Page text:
Published August 29, 2022
The eighth annual Western New York New American and Refugee Health Summit happening next month at UB will highlight the spirit of youth who arrived as refugees and the challenges they face in their new homes.
The summit is free and open to the public and will be held from 9 a.m. to 3 p.m. Sept. 10 in the Active Learning Center, located on the first floor of the Jacobs School of Medicine and Biomedical Sciences, 955 Main St., Buffalo. Registration closes Aug. 31.
This year’s summit is titled “Moving Towards Whole Health for New American and Refugee Youth.” The event will address challenges and responses to a variety of issues that youth face, including mental health challenges, cultural barriers between older and younger generations, difficulty navigating higher education, and accessing culturally appropriate care.
“The Refugee Health Summit tries to build a platform to bring health care providers, refugee community members, social workers, politicians and researchers together to identify key challenges and promote the whole health of this population,” says Lina Mu, director of the Office of Global Health Initiatives and an associate professor in the Department of Epidemiology and Environmental Health in UB’s School of Public Health and Health Professions.
Having fled war and persecution, Buffalo’s refugee population is revitalizing and diversifying the city, yet challenges remain for both Buffalo and its newest residents. In this context, youth face unique challenges as they navigate different cultures and environments, growing up in a different society from their parents.
A whole-person approach to health for refugee youth addresses more than physical health, extending to mental health, education, employment, societal engagement, and more. A variety of programs exist in Buffalo to support refugee youth, which will be highlighted at this year’s summit.
“The summit provides a great opportunity to learn about refugees’ unique health care needs, and to also share and exchange their experiences among service providers, says Steven Sanyu, who grew up in Burma (now known as Myanmar), fled to Thailand as a political refugee and later resettled in Buffalo, where he has been active in a number of refugee organizations.
The summit unites clinicians, resettlement representatives, community health workers, researchers, students, municipal leaders and refugees to highlight innovative university-community partnerships that have resulted in research, programming, and solutions to improve health and wellbeing for refugees living in Buffalo and Western New York.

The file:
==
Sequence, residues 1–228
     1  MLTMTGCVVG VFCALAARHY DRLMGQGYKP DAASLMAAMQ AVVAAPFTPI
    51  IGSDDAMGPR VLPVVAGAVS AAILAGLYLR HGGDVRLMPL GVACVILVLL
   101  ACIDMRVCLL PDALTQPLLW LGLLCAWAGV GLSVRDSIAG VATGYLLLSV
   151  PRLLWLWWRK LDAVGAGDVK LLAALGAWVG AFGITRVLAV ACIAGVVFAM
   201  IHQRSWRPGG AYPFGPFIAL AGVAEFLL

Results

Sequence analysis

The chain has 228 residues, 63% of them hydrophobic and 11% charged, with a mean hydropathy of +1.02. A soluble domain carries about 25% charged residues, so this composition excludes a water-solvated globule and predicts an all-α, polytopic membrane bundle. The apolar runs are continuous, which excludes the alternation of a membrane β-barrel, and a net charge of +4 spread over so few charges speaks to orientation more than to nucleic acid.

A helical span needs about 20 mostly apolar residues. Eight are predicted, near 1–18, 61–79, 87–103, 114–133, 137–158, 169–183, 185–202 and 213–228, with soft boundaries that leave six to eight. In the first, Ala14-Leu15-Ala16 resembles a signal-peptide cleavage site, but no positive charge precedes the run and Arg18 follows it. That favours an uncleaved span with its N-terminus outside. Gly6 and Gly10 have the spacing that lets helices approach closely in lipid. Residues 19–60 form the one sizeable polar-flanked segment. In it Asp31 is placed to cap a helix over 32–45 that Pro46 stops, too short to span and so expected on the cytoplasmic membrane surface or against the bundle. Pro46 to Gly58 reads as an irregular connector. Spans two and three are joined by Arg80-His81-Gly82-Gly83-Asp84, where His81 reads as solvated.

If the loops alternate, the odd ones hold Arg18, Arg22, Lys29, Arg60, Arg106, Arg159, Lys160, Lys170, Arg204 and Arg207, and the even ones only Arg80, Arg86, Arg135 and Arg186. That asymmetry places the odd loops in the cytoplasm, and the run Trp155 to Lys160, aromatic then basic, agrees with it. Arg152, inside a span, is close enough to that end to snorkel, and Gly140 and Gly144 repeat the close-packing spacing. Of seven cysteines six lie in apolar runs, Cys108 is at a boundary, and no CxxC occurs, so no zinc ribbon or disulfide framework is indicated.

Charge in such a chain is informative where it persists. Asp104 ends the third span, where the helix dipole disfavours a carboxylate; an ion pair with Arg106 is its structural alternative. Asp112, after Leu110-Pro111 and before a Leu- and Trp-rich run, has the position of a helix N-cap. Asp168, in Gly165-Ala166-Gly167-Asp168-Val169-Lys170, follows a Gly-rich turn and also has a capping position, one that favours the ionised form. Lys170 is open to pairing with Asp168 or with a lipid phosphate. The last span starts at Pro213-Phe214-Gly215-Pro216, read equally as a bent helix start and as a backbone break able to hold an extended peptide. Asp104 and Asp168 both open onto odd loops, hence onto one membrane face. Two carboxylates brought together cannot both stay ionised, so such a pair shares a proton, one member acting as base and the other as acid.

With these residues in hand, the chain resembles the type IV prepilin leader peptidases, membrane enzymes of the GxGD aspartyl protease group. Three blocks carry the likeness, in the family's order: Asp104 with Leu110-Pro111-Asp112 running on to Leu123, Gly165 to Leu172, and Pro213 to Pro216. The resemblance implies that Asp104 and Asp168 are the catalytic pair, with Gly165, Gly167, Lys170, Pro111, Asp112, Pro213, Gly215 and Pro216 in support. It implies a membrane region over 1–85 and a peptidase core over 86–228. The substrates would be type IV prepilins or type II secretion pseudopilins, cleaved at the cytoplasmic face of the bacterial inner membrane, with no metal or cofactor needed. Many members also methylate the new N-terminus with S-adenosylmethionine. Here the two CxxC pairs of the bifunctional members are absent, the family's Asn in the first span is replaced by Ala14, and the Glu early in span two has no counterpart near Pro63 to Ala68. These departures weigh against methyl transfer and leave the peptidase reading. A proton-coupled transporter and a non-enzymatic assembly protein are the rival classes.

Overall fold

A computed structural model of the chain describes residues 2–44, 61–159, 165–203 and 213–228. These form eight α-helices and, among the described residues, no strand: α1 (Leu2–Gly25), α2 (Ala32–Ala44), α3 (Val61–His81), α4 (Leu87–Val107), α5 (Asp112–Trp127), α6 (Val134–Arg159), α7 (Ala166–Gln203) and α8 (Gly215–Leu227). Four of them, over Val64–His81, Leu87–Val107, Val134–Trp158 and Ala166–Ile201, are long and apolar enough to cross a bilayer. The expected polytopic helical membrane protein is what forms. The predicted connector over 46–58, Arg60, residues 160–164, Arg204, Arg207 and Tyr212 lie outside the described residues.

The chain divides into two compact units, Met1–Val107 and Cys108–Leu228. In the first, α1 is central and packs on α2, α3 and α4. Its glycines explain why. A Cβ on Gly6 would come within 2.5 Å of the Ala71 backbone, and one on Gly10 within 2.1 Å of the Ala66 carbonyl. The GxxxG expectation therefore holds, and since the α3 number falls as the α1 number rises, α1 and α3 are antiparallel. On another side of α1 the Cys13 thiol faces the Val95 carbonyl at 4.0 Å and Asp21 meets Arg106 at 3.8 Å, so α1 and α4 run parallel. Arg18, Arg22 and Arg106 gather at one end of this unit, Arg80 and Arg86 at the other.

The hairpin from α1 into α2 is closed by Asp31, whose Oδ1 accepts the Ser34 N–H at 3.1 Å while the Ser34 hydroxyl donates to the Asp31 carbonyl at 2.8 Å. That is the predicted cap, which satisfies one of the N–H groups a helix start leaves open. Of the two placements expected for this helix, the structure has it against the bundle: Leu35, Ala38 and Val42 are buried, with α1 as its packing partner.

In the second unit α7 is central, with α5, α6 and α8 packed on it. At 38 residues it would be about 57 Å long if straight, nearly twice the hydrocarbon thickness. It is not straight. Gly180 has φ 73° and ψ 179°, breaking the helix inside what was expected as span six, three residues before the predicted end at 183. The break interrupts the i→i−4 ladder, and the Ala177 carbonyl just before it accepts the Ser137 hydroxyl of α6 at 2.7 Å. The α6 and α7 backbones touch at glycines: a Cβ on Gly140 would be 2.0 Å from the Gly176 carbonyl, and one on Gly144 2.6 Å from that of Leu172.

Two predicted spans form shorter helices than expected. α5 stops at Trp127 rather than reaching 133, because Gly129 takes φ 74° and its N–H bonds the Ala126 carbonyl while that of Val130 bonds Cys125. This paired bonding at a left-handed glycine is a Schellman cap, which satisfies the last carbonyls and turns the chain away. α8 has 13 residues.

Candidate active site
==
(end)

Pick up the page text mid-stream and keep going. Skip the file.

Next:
“The refugee population faces tremendous mental health challenges, which are especially concerning among youth refugees,” Mu says, adding that the summit will feature a special panel to address these issues.
Dilli Gautam, a former refugee from Bhutan who immigrated to the U.S. in 2008, is this year’s keynote speaker. Gautam serves as the president of the Bhutanese Community of Michigan, a nonprofit organization that was started by and continues to be operated by resettled Bhutanese refugees. He also serves as associate director of community engagement at Bethany Christian Services, a resettlement agency based in Grand Rapids.
He has an extensive background working with refugee and immigrant communities, leaders, and local elected officials and is passionate about building the capacity of refugee-focused organizations and new American leaders. In an effort to increase former refugees in leadership positions, Gautam helps to better equip and connect them to not only achieve their personal success, but contribute to the greater community.
He believes that one of the best ways for the meaningful integration of refugees and immigrants into society is by changing the policies, practices, and mindset from helping refugees and immigrants to empowering them.
Summit panels will focus on New American contributions to the workforce, a cultural humility training for health care providers, and a youth-designed session. They’ll be followed by a workshop to identify actionable changes in Buffalo and Western New York.
The WNY New American and Refugee Health Summit is co-sponsored and organized by UB’s Community for Global Health Equity, the School of Architecture and Planning, the School of Public Health and Health Professions’ Office of Global Health Initiatives, Providence Farm Collective, Grassroots Gardens of Western New York, HEAL International, Burmese Community Services the Karen Society of Buffalo, the Human Rights Initiative at the Jacobs School of Medicine and Biomedical Sciences, and the Immigrant and Refugee Research Institute at the School of Social Work.